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Beer Bike seeks blanket tax increase

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By Hallie Jordan     3/13/12 7:00pm

Rice students are known for their steadfast devotion to Rice's most famous tradition, Beer Bike. However, next week, the second round of the SA Spring Elections will test whether students are willing to back up their support of Beer Bike with their wallets.

Because current funds allocated for Beer Bike have not covered costs for the event in over five years, Rice Program Council is hoping to raise the blanket tax for the event from $5 to $10, Beer Bike Coordinator Philip Tarpley said.

Beer Bike usually costs about $40,000, Tarpley, a Brown College senior, said. Event revenue has not gone up since the '90s, while costs have been significantly increasing, he said. The presence of the Rice University Police Department and Rice Emergency Medical Services at the event, for instance, were previously free but now require payment.



"Last year, EMS cost $2,500; this year, it's going to cost $3,600," Tarpley said. "It's warranted. The average public party gets about four EMS calls; Beer Bike on average gets about 60."

Last year, the event caused a $12,000 deficit and before that, the deficit was between $7,000 and $8,000, Beer Bike Coordinator Teddy Grodek said

Furthermore, Facilities Engineering and Planning now charges to set up the bleachers that students sit on during the races; because the cost of this is too high this year, there will be no bleachers at the event, Tarpley said. Tents for each college will be set up in place of the bleachers.

To help cover costs in the future and to keep from going into debt, RPC originally suggested raising the tax to $8, but Jones College President Stephen Boswell motioned for this to be increased to $10 to provide for a reserve in case the cost rises again next year or there are unexpected costs this year.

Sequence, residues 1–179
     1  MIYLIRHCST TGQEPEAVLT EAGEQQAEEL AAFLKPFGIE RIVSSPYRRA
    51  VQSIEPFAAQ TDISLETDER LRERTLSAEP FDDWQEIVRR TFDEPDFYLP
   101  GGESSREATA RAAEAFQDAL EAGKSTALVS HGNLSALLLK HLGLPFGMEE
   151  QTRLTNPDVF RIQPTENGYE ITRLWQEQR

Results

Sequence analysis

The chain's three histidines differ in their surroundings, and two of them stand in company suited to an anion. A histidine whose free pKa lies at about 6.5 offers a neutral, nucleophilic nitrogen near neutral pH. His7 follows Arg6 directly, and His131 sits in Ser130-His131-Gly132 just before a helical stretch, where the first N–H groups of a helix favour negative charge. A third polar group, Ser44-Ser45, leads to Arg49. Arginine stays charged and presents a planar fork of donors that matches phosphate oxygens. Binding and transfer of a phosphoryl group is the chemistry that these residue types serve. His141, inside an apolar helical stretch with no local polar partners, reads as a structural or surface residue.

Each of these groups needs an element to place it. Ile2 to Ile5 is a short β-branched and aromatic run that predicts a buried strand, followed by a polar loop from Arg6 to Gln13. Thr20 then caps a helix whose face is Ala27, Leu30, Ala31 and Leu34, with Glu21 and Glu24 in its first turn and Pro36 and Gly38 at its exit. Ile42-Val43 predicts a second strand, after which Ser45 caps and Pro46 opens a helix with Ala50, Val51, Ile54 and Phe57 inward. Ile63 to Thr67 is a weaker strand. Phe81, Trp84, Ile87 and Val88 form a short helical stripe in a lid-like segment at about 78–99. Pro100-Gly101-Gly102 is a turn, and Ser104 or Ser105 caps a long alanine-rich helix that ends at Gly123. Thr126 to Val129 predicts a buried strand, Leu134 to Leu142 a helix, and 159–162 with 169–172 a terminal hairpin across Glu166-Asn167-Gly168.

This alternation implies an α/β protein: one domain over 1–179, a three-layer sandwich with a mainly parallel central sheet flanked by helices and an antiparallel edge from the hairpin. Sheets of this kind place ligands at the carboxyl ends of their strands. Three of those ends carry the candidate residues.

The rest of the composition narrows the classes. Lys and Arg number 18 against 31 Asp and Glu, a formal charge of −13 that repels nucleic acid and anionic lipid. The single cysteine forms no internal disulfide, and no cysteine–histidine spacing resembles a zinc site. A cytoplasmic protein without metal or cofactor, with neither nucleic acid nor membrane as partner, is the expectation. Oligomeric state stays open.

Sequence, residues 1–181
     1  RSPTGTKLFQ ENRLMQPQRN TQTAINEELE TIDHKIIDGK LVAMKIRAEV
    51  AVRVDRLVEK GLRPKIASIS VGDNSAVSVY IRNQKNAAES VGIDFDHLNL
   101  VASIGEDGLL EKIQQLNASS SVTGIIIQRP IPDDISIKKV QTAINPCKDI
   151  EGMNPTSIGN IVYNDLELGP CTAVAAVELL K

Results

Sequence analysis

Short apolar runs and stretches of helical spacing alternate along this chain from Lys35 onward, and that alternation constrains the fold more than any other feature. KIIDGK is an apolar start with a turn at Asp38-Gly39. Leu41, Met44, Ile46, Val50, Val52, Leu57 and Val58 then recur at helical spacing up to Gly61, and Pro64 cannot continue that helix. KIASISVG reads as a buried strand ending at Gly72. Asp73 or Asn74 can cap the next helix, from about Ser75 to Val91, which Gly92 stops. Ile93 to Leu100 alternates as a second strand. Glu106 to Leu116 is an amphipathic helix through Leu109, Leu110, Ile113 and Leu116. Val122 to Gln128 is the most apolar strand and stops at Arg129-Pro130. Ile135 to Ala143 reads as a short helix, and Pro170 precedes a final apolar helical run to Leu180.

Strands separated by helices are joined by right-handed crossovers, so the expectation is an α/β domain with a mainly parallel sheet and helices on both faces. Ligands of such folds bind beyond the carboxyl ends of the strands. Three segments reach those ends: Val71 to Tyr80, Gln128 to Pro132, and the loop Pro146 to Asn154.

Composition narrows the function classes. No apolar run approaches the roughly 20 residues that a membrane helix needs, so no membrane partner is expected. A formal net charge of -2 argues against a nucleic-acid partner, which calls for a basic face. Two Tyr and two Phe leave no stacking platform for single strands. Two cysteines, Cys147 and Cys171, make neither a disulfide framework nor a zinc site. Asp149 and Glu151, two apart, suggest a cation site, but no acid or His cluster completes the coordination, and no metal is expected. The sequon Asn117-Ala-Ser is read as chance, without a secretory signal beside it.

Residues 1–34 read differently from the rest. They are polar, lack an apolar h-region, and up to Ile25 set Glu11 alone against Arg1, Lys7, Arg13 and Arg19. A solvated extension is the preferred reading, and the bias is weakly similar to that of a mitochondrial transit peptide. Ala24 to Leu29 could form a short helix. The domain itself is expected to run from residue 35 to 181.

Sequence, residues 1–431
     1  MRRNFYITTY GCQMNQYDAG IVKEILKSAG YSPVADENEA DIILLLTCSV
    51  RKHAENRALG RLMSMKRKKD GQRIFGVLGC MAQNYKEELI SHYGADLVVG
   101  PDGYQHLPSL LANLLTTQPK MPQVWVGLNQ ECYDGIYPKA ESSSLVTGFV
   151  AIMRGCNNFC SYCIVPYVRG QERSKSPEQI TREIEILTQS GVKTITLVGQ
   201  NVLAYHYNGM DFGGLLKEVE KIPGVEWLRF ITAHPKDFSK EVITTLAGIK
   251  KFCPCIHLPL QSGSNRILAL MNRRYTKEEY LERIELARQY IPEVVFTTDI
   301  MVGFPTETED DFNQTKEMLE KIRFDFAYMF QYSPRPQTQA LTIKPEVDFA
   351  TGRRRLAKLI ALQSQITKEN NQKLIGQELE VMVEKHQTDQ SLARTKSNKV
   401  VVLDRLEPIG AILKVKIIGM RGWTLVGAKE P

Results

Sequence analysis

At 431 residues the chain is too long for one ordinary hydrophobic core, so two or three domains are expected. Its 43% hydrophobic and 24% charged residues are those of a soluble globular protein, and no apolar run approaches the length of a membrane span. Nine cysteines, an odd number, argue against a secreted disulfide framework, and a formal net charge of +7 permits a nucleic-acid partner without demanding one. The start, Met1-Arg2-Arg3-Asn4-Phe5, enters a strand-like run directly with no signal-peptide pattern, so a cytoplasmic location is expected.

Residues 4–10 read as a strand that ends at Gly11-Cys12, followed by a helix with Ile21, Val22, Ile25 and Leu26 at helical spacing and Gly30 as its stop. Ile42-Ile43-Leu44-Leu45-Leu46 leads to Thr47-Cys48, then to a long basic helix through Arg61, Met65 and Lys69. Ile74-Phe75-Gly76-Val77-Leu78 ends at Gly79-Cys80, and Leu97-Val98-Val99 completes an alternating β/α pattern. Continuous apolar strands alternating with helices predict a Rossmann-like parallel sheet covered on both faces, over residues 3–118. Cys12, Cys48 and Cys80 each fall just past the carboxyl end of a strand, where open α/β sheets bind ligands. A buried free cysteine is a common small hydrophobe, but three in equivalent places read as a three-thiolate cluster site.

"This would give Beer Bike a little extra breathing room in case we need to do any capital improvements to the track, or we can help the colleges out," Tarpley said. "We're giving colleges these party areas and providing tents. In the future, we would love to be able to cover that cost because we don't want to give the colleges any more monetary burden than they need."

"This is a favorite event," Tarpley said. "If it's going to continue, this blanket tax increase is a necessity. To get it, we need two-thirds of everyone that votes to vote 'yes,' and there needs to be 20 percent of the student population voting. If we get 19 percent, and everyone says 'yes,' it's still not going to happen, so we need to get people to vote."

If the blanket tax does not pass, then the cost burden will fall on the colleges, Grodek, a Martel College junior, said.

"Even if they don't vote for it, they will still feel the effects of it," Grodek said. "This money is going to come out of somewhere. We don't want it to come out of the colleges. We'd have to raise fines. We'd have to charge colleges for part of the EMS cost. That would hurt Beer Bike."

Molly Chiu contributed to this article.



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